The man was taken to the Gallatin County Detention Center and charged with driving with a suspended or revoked license, and as a habitual offender driving a motor vehicle. He was held on $1,320 bond on those charges, and an additional $2,585 bond for the outstanding warrant.

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A 27-year-old Belgrade man was arrested Sunday night for bloodying his girlfriend’s nose after a verbal argument turned physical at their home.

According to court documents, the argument began when the woman refused to let the man borrow her truck. As it progressed, she later told officers, she slapped the man in the face, after which he hit her in the nose. She said after she was hit, she called her sister to pick up the couple’s two young children.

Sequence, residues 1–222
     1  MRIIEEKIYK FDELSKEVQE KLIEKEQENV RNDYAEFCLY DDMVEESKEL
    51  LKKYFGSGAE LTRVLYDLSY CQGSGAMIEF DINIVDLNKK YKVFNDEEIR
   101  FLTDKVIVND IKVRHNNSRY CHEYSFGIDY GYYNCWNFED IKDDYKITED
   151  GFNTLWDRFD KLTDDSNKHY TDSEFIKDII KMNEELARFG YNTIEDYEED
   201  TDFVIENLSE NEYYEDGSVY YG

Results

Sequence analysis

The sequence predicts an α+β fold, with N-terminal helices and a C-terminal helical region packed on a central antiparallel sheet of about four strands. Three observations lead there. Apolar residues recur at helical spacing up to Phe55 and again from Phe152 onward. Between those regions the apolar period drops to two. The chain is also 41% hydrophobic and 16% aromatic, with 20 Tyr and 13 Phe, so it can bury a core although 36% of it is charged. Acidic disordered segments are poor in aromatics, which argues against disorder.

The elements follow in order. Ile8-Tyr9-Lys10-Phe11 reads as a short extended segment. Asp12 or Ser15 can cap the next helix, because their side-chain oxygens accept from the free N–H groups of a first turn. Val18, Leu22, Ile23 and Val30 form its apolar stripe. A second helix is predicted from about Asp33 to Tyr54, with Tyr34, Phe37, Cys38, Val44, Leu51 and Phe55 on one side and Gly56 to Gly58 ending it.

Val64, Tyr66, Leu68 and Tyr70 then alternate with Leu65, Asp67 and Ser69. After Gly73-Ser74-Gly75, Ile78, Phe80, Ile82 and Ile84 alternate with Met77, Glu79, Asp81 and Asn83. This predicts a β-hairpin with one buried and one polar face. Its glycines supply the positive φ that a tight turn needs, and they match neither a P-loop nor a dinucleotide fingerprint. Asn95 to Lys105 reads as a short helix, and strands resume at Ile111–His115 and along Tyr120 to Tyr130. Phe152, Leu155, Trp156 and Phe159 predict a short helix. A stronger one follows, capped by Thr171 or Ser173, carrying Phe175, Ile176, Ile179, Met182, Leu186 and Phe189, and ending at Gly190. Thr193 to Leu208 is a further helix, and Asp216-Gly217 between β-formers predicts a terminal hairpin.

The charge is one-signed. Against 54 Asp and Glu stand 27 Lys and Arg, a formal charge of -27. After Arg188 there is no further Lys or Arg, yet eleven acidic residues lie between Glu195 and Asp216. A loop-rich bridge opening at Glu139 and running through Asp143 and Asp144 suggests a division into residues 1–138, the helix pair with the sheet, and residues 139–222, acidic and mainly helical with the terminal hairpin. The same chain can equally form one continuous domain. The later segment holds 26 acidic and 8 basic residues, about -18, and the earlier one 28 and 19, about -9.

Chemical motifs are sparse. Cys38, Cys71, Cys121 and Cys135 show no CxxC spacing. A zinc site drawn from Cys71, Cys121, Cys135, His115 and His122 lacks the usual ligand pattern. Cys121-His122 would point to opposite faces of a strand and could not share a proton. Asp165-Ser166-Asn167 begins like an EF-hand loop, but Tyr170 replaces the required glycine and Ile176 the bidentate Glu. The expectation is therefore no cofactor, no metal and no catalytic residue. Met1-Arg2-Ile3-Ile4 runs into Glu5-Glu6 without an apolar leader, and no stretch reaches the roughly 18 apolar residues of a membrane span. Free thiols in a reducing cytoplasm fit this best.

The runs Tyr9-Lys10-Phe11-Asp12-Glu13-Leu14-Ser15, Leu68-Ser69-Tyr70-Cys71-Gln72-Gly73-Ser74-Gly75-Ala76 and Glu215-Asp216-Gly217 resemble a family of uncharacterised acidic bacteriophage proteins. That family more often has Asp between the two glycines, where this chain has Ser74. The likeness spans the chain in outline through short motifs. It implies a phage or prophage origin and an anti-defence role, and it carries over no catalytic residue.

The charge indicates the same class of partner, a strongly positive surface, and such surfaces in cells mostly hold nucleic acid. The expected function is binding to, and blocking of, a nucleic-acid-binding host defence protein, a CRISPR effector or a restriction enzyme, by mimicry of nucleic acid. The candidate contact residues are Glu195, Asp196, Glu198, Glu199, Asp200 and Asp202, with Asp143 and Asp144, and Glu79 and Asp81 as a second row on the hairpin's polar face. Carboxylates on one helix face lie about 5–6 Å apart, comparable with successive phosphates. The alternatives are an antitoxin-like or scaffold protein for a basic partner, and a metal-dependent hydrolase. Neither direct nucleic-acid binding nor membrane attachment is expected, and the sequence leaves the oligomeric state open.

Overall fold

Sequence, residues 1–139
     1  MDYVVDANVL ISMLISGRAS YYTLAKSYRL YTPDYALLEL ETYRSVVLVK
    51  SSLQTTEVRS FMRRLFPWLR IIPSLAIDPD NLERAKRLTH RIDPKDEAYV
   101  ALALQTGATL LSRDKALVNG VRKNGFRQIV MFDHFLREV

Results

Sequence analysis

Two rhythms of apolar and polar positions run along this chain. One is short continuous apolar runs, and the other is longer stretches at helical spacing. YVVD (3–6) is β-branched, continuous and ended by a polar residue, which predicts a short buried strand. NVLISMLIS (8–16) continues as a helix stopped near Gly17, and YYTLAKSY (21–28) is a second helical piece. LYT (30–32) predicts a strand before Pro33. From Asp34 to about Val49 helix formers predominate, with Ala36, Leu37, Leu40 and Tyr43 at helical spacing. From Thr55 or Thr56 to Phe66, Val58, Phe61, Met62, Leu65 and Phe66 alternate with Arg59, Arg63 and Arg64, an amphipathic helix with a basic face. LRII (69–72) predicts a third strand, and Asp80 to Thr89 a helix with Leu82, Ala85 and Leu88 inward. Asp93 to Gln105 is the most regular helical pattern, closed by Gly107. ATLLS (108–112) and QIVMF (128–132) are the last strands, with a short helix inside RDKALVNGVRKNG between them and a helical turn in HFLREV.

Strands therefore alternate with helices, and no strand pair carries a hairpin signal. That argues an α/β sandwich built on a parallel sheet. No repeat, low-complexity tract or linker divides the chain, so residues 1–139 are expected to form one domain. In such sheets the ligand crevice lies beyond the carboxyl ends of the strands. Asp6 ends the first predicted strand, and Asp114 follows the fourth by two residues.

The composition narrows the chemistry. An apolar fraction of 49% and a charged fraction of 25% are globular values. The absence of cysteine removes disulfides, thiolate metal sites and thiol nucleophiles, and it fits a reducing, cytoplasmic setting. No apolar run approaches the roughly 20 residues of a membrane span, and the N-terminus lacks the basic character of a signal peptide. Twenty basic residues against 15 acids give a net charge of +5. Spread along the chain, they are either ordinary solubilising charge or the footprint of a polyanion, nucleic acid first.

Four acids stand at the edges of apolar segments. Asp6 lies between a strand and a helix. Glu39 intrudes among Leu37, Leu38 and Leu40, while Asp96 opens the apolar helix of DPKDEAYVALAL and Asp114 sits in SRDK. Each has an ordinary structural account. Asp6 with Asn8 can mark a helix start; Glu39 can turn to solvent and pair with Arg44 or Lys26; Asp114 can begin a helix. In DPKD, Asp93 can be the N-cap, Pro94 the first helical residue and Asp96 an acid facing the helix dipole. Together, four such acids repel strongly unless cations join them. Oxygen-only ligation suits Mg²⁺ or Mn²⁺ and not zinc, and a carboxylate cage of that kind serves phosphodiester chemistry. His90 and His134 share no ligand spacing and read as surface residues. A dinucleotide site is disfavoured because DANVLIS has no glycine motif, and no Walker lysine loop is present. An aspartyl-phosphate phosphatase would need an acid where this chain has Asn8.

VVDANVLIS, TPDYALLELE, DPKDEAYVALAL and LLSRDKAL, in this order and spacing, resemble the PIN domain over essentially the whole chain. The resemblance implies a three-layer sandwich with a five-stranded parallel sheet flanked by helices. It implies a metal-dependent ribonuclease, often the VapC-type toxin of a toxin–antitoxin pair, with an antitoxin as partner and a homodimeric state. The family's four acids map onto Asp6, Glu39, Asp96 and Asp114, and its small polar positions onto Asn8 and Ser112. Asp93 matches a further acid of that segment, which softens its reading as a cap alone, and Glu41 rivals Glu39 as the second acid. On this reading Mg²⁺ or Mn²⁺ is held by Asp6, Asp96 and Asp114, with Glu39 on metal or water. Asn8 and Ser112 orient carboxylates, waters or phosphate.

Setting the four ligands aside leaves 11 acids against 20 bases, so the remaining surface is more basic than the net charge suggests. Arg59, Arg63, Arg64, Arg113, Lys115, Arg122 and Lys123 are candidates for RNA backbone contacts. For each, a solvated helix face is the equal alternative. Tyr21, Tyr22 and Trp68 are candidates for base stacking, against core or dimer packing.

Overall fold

The man said the woman had hit him in the face 10 times, and then he slapped her face. Responding Gallatin County Sheriff’s deputies noticed that the man had bruising under his eye where he had been hit.

Court documents state that based on their assessment of the scene and the significant height and weight difference between the parties, deputies took the man to the Gallatin County Detention Center, where he was held without bond on a partner family member assault charge, first offense.

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A Belgrade man who claimed he “would never lay a hand on” his girlfriend was jailed Sunday on an assault charge after she reported he had broken one of her ribs in a fight the night before.